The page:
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Awarded for community service and human rights
Born: 12 November 1950 - Mostar, Bosnia and Herzegovina
Died: 9 November 2014 - Launceston, Tasmania
Entered on roll: 2017
“She simply lived for those she loved, and those she loved remember”
Dr Ljiljana Mujkic was a shining example of a migrant who embraced the opportunity to start a new life.
Born in Mostar and educated in Sarajevo, Bosnia and Herzegovina, Ljiljana’s dedication and skills as a doctor were invaluable in the emergency ward during the war that ravaged the country.
In 1995, Ljiljana’s family resettled in Gladstone, Queensland where she was told she would not have a chance of practicing medicine in Australia, and should consider becoming a cook. Ljiljana did not heed the advice and studied at night to gain her Australian medical qualifications.
The Launceston General Hospital appointed Ljiljana as an emergency doctor in 1996. While working in the emergency department she studied and gained further qualifications as a General Practitioner. By 2002, Ljiljana had achieved the Australian qualifications of Bachelor of Medicine, Bachelor of Surgery, Doctor of Medicine and Fellow of the Royal Australian College of Practitioners.
Being a refugee, Ljiljana believed helping those most in need was a civic duty. Ljiljana volunteered for the Migrant Resource Centre in Launceston by helping newly-arrived humanitarian entrants resettle by meeting them at the airport, showing them their new home, assisting with purchasing key items, interpreting with government bodies and becoming a second family.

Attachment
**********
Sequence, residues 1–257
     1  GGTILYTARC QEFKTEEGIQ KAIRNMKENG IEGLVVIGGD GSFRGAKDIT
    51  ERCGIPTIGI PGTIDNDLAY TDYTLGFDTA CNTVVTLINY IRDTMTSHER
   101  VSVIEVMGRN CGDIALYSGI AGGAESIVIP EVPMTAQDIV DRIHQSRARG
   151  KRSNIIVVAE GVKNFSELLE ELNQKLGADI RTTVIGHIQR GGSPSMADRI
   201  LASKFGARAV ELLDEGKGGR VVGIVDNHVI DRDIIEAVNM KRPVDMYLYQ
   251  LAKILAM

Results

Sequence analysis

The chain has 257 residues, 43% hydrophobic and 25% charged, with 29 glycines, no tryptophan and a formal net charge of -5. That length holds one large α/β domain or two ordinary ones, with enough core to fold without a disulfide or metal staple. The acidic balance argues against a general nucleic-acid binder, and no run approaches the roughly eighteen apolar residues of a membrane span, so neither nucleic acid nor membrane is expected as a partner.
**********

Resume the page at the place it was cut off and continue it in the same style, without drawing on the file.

From 1998 to 2003, Ljiljana helped resettle families from Serbia, Bosnia and Herzegovina, and Croatia in the aftermath of the fall of Yugoslavia, by organising housing, school enrolments, Medicare and ongoing pastoral care, while still working full time at Launceston General Hospital, and raising her children.
Medicine was a vocation for Ljiljana who loved diagnosing, and ensured the patient understood their diagnosis. In General Practice, Ljiljana gave extra time, visited older patients in nursing homes on weekends and bulk billed, so patients could receive quality medical care. Worried her patients would be inconvenienced, Ljiljana accepted between 30 and 40 appointments per day during her own illness.
Dr Ljiljana Mujkic lived with kindness and made the world better, one person at a time.